indacaterol. Significantly greater FEV1 after 12 hours vs.
monotherapies
• EU NDA filed 10/2012. US filing anticipated end of 2014
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Respiratory
Fluticasone/vilanterol (Relovair™)
• Once daily LABA with inhaled steroid for COPD and asthma
• Phase III-Significant FEV1 improvement vs. placebo and fluticasone
monotherapy, but not vilanterol monotherapy
• Large 16,000 patient COPD study currently underway
• NDA filed 7/2012. Response expected 05/12/2013
Olodaterol (Striverdi® Respimat®)
• Once daily LABA for COPD. Also being
formulated with tiotropium
• Significant FEV1 improvement vs. placebo in
severe COPD over 24 hours
• 1/2013-FDA panel voted 15-1 to approve
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comoderate to very
Generic Pipeline:
Diabetes
Product Name
Anticipated
Generic Entry
2011 US Sales
(In millions)
Pioglitazone (Actos®)
8/2012
$2,830
Pioglitazone/glimepiride
(Duetact®)
12/2012
$31
Pioglitazone/metformin (Actos
Met®)
12/2012
$426
http://www.medcohealth.com/art/corporate/anticipatedfirsttime_generics.pdf. Accessed March 2013
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Diabetes: Market Trends
• Top Traditional Drug Class in 2011
– Highest per member/month spend
– ~10% of traditional market (commercial insurers)
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Insulin, GLP-1 and DPP-4 inhibitors driving spending
Metformin use still increasing
Sharp decreases in TZD utilization
Top Medications by market share:
– Metformin, Insulin glargine, pioglitazone, glipizide
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Diabetes: GLP-1 Analogs
Albiglutide (Syncria®)
• Once weekly GLP-1 analog, fuses with human albumin
• Current recruitment evaluating usefulness in heart failure
• NDA filed 1/2013
Dulaglutide
• Once weekly GLP-1 analog
• Phase III studies
• Dulaglutide vs. insulin glargine (6/2015)
• Dulaglutide vs. once-daily liraglutide (6/2014)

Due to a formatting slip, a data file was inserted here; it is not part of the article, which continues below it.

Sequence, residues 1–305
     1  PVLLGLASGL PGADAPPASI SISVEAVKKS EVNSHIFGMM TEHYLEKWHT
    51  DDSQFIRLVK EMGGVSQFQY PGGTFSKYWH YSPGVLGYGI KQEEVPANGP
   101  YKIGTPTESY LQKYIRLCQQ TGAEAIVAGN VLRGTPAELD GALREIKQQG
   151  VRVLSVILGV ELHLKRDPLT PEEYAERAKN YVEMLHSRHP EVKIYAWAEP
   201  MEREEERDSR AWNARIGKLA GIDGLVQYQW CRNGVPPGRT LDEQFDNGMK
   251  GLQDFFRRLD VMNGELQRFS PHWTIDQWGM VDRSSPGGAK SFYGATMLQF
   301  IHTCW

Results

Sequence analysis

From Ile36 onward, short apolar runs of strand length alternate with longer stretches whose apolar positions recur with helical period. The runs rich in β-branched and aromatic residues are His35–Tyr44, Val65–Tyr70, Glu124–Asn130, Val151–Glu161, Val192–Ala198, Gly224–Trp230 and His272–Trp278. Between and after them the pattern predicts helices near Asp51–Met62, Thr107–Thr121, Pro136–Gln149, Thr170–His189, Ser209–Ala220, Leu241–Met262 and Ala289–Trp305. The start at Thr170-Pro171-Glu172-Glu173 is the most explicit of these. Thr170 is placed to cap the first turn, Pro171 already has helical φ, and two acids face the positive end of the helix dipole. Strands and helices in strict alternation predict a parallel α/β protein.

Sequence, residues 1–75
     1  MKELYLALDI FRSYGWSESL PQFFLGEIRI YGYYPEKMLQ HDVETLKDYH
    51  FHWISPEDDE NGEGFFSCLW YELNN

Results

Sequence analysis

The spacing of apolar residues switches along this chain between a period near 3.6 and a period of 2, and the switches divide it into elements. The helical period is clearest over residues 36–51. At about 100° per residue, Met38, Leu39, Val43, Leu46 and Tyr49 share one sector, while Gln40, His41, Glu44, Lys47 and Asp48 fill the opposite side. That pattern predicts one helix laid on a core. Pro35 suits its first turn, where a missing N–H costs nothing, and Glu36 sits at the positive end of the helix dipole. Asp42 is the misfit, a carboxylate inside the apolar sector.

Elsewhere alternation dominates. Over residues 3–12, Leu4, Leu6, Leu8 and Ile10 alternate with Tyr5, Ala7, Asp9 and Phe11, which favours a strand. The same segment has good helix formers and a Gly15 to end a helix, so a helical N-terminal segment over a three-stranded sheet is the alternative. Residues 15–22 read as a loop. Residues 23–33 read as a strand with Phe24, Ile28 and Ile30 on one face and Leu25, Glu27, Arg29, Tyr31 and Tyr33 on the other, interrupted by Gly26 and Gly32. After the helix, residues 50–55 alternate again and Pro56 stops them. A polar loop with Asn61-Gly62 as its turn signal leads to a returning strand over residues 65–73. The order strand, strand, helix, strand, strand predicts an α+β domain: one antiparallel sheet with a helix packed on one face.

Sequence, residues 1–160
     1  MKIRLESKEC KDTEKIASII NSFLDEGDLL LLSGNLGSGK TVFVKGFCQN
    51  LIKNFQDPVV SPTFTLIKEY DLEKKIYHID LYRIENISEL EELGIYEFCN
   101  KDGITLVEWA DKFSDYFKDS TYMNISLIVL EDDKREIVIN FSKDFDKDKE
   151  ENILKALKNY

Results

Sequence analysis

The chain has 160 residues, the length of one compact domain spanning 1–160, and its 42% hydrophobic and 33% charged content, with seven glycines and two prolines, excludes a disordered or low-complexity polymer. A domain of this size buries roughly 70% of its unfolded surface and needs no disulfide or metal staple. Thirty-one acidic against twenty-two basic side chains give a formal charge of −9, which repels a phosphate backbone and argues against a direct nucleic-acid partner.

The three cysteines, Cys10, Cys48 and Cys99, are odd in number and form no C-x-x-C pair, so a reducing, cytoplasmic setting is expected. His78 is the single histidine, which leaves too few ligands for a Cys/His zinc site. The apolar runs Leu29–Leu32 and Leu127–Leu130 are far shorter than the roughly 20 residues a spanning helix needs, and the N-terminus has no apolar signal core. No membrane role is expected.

• Filing expected 2013
Lixisenatide (Lyxumia®)
• Once weekly GLP-1 analog
• Additional ~0.8-0.9 HgbA1c when added on to metformin
• NDA filed 1/2013
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Diabetes: Insulins
Inhaled Insulin (Afrezza ®)
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Inhaled insulin with ultra rapid acting onset (~10 minutes)
Comparable HgbA1c reduction to insulin aspart and insulin lispro
Two different inhaler devices utilized in clinical trials
1/2011 FDA 2nd Complete Response Letter requesting 2 additional trials
8/2011 Design confirmed for requested trials
and recruitment completed 10/2012
Degludec (Tresiba ®)
• Ultra long-acting insulin (duration ~40 hours), Once daily or 3x weekly dosing
• Comparable HgbA1c reduction to insulin glargine with lower overall and
nocturnal rates hypoglycemia
• Combination product with insulin aspart (Novolog®)
• 2/2013-FDA response requesting additional CV outcomes trial data
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Diabetes: Sodium Glucose Co-Transporter
2 Inhibitors (SGLT2)
Dapagliflozin (FORXIGA®)
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Once daily SGLT2 inhibitor indicated as add-on therapy
Additional HgbA1c reduction -0.32% vs. -0.14% SU add-on
Weight loss ~3.7 kg after 24 months vs. +1.36 kg with SU add-on
07/2011-FDA panel concerns surrounding bladder and breast cancer risk
01/2012-CRL from FDA requesting benefit-risk assessment
Canagliflozin (Invokana ®)
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Once daily SGLT2 inhibitor as add on
HgbA1c reduction -0.93% vs. -0.81% (glimepiride) as met add-on
HgbA1c reduction of 0.65%-0.73% as add-on to insulin
HgbA1c additional reduction -0.37% vs. sitagliptin as add-on to met/SU
NDA submitted 5/2012: 1/2013 FDA advisory panel voted to approve (10-5)
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Trends
• Middle of “Patent Cliff”−Several “blockbuster”
medications lost patent protection
~Estimate $30 Billion 2012
• Significant new molecule developments in
cardiovascular, hepatitis C, and central nervous
system
• Stagnant oral antibiotic pipeline
• Strong respiratory, COPD pipeline
• Reformulations of existing molecules for pain
management to be more tamper resistant
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Questions
Erik Hamel, Pharm.D, BCPS
333 South St
Shrewsbury MA 01545
Tel # 774-455-3310
[email protected]